A fitness center chain with the world’s largest membership is facing a sexual harassment lawsuit from a male employee alleging his female boss was a little too strong in making advances. The Los Angeles Times reported on October 18, 2011, that Jonathan Prince says the manager at 24 Hour Fitness USA Inc. invited him out for drinks, asked him to accompany her to Las Vegas and sent him unwanted, suggestive text messages for one month this summer. Prince claims he told his boss to “cease her behavior and refused her advances,” according to a lawsuit filed in Los Angeles County Superior Court, but the supervisor retaliated by falsely criticizing his work performance, diminishing his chances for bonuses and promotion.
According to the Times, Prince said he “suffered and continues to suffer embarrassment, humiliation, emotional distress, mental anguish and severe shock to his nervous system.” Officials with 24 Fitness said the company does not comment on pending litigation. The lawsuit seeks financial compensation “in excess of $50,000,” the Times said.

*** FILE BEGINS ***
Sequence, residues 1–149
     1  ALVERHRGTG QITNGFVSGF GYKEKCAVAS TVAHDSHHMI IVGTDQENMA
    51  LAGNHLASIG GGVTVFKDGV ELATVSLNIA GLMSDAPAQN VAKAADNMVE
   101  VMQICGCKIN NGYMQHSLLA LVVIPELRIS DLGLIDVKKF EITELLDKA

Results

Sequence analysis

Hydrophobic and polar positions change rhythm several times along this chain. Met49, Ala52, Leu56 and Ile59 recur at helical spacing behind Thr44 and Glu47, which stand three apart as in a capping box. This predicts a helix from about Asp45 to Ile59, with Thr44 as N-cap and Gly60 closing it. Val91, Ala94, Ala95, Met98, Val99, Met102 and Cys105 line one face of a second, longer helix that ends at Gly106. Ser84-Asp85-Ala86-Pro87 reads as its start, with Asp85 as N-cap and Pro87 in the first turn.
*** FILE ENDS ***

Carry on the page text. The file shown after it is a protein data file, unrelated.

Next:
If you understand what constitutes sexual harassment, then you know that both men and women can file a sexual harassment lawsuit, even if the harasser and the victim are of the same sex. But did you know that an employer can be held accountable for sexual harassment by supervisors or other employees whether they knew it was happening or not? If you believe that you have been the victim of quid pro quo sexual harassment or a “hostile working” environment and your employer ignored your complaints about the situation, our Los Angeles employment attorneys may be able to assist you in filing a lawsuit for retaliation. Contact our firm today to set up a confidential consultation.
Law Offices of Kesluk, Silverstein & Jacob – Los Angeles employment attorney